Also, there recent thread in W210 forum here that is confusing me, says some mishandled manifold gasket is causing vacuum loss. Can't image how this could be related...did not know of vacuum inside the intake manifold....could be a gas engine thing...
Vacuum in the intake is NA engines thing. With turbo you always have a pressure there.
Still bad gasket will loose the pressure and trigger a code.
What is your problem in taking the windshield washer reservoir out and see if you can reach the plug?
I say take the manifold off and do it that way. Replace the manifold gasket too. You have much better access to the plugs and lessen the chance of breaking off a plug or cross threading something trying to do some of it by feel. Also I highly recommend you do the job on a hot engine, ream the holes with the proper reamer and slather the new plug with anti-seize. Make sure you also use a Bosch or a Beru plug.
Yeah. Too bad this forum is diesel unfriendly and we have to go to competition.
The older diesels do like to generate heavy intake build ups what is good reason to take the manifold out and clean it.
I never had to take the manifold out on W210, but than our 2 have only +- 250,000 miles each.
You seem really intent on taking the manifold off from above. I've never done it that way, so I can't comment other than to say I've taken the manifold off by unbolting the one bolt from below, done it multiple times and it isn't that hard. The two vacuum lines you have to disconnect just pull right off and push right on. I will continue to do mine from below.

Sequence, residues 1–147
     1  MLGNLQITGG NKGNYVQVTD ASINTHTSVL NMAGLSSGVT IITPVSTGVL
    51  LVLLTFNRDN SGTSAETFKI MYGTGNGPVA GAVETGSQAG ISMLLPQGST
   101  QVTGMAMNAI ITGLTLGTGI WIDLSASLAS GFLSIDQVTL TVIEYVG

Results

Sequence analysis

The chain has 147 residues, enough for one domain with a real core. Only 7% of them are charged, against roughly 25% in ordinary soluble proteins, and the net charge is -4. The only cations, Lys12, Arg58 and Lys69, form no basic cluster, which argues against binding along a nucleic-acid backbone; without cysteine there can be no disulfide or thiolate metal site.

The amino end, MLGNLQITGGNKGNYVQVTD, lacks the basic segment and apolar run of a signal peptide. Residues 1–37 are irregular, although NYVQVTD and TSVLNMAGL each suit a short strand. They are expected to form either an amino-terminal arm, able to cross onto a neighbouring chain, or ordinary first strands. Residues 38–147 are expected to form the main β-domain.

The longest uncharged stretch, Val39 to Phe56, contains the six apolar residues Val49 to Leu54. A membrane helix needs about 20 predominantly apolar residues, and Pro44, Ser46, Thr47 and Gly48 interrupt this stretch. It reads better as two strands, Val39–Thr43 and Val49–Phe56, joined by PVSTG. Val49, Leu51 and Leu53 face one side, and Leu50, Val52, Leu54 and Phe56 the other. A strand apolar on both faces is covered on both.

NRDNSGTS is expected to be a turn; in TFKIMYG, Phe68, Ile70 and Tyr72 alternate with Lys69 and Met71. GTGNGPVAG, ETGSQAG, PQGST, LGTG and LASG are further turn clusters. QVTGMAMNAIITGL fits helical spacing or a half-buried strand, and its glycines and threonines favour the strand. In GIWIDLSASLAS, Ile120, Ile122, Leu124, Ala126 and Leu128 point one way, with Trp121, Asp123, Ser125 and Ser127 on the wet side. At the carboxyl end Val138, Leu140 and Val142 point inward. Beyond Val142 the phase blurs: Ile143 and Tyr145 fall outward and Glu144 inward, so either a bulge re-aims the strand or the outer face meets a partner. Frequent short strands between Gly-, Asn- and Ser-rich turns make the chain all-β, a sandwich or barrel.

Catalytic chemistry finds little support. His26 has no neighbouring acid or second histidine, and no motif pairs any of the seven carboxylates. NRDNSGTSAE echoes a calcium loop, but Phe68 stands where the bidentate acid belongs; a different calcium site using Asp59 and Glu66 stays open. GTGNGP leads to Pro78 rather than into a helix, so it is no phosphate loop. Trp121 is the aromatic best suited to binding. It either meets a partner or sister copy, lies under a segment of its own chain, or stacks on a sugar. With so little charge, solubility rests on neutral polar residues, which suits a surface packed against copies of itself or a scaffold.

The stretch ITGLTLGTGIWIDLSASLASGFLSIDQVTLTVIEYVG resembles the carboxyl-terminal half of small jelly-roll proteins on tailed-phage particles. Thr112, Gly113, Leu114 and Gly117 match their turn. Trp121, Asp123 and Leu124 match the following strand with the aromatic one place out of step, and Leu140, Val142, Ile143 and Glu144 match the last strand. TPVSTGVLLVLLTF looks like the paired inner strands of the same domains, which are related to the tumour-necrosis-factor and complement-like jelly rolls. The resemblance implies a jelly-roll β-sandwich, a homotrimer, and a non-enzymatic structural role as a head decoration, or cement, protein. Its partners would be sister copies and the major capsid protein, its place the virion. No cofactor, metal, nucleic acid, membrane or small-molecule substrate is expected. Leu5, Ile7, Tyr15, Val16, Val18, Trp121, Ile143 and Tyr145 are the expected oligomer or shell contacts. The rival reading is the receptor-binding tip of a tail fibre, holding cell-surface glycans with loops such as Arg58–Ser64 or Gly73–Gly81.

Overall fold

I replaced head gasket a month ago on 603 engine and proved myself again, that there are always several ways to do a job even on job as standard as head pulling.
I had all WIS available, but those wanted me to take 1/2 engine into small parts, what did not make sense.
Than sometimes life dictate different ways of doing the work. I had a problem with manifold nuts on the pipe end, where there was no space for bigger wrenches.
I have 5 sets of metric wrenches and finally got the nut using 13mm. 1/4" drive socket. A bit scary put big torque on small ratchet, but my nuts did not have corrosion and I could remove them with fingers after loosening.
I hope you have another car, as you might run into small problems that will stop you.
Mental preparedness is important. When you have a problem, don't put sledgehammer on it. Wash up, have a cold one, or lunch, sleep on it, come back to the forum and go back with patience after thinking over next step.
Hey guys, I realize that you have already replaced your bad glow plug.
I just replaced one of my bad GPs today and I want to share this easy method for finding out which one is bad.
Also, when I get time, I will do pics and maybe a video. But for now, please forgive my bad job at using paintshop to draw my diagram. But here it is.
Basically, You unplug your large connector at the glow plug relay. Using an ohm meter. With an alligator clipped jumper wire. Connect a jumper wire to a ground. I used the metal screw holding down the GP relay to the fender.
Then take your other ohm meter probe and touch each connector in the gp relay boot, looking for an open.
I had one open connection. So, I traced the wires to each glow plug, finding which wire went to which glow plug.
In my case, glow plug number 4 was bad.
Im sure there is a better diagram out there somewhere on the internet. But. I made my own..
Hopefully, you will find it easy to track down your bad GP with this diagram.
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